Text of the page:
Sarana’s Early Beginnings

historySarana’s inception dates back to the life of Alido Di Iorio and the formation of the Gitche M’Qua Centre for Healing & Dying.  Re-diagnosed with brain cancer in 1997, Alido’s journey and subsequent death a year later, is a testament to a story of healing and community. Alido was given the name Gitche M’Qua (meaning Great Bear)  by an Indigenous Elder.  In the traditional Medicine Wheel, bear represents the west and the human processes of healing, transformation and dying.

Alido’s vision was to create an environment on the land where people could come to for healing and transformation. His final year revealed how meeting our illness could be a personal healing process and how a community could become a powerful circle of compassionate caregiving.

In 2002, his wife, Angie, together with her new partner, Andrew, continued his legacy by establishing a not-for-profit charity, Gitche M’Qua Centre for Healing & Dying . They began developing programs with the intention to expand our understanding of death and to explore the means for compassionate care of the dying.  With mindfulness practice as a basis for training caregivers in the Hospice & Palliative Care community, they invited many wonderful meditation and spiritual teachers to Toronto to share their views on death, dying, and meditation practice. These included Sharon Salsberg, Roshi Joan Halifax, Ven. Dhyani Ywahoo, Frank Ostaseski, Diane Longboat and Okhi Simine Forest. Gitche M’Qua Centre became known for its commitment to end-of-life education and caregiver support as well as hosting local and international teachers.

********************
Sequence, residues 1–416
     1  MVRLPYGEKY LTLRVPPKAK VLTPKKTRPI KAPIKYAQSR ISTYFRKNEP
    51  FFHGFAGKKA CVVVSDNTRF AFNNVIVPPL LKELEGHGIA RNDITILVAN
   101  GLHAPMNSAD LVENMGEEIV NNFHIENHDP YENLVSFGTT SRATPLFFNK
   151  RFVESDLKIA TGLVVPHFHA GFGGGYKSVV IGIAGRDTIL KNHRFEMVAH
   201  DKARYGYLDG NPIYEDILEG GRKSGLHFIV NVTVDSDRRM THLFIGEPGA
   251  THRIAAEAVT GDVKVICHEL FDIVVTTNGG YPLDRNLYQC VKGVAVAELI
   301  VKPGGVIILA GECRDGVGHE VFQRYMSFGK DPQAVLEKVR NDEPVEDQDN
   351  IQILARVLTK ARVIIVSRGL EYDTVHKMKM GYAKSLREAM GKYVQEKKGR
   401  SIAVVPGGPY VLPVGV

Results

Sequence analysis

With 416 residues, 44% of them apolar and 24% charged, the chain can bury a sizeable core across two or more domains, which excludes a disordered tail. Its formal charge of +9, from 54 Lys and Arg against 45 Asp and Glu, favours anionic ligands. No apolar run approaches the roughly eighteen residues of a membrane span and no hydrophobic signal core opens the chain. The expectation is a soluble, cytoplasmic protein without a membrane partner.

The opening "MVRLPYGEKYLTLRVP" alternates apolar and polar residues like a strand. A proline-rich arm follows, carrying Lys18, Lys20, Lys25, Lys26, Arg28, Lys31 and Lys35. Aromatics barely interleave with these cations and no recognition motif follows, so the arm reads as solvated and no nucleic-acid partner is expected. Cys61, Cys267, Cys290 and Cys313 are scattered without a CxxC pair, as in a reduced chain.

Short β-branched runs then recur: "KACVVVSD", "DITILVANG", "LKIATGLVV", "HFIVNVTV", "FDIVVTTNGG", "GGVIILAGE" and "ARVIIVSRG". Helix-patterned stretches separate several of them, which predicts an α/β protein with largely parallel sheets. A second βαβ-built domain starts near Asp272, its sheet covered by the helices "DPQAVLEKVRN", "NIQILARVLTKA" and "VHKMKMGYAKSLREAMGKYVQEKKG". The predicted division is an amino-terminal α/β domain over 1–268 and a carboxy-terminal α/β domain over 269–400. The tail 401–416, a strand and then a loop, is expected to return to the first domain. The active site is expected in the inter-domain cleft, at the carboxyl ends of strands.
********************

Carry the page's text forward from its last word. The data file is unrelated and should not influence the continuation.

In the fall of 2014, Gitche M’Qua was renamed Sarana Institute and we entered a revisioning and renewal process.  While “Sarana” is much easier to pronounce and spell than “Gitche M’Qua”, we always honour his story . The new name sarana comes from ancient Pali, the written language from the time of the Buddha, and it means ‘source, refuge and sanctuary’.  It reminds us of our need for a spiritual source of strength and power to sustain ourselves. Similar to the strength we draw from the Buddhist practices of mindfulness and compassion, there are other sources of refuge, like being in nature or following our faith, traditions and practices. All share similar roots which remind us of the importance of  love, respect for our interconnectedness and freedom from suffering and aggression.

In 2015, Sarana updated the strategic plan and under the direction of our new chair, Maureen Flanagan, Sarana Institute has established a new incarnation and mission. Although Sarana is a leading resource in mindfulness and compassion training for the health care community, it isn’t only the health care community that will benefit from this kind of training.  The demands for all of us in caring for the aging, ill, and those at end of life will soon reach a crisis point in Canada. The burden of our aging population and healthcare limitations will become each of our concerns in the near future. This is why Sarana will be expanding the training of mindfulness and compassion to family and volunteer caregivers and beyond by also focussing on the next generation of Youth and each of our relationship with the Natural World.

Santuary  The Barn Temple at Sarana Springs was built in 2008 from memorial donations to continue Gitche M’Qua’s dream of community gathering on the land.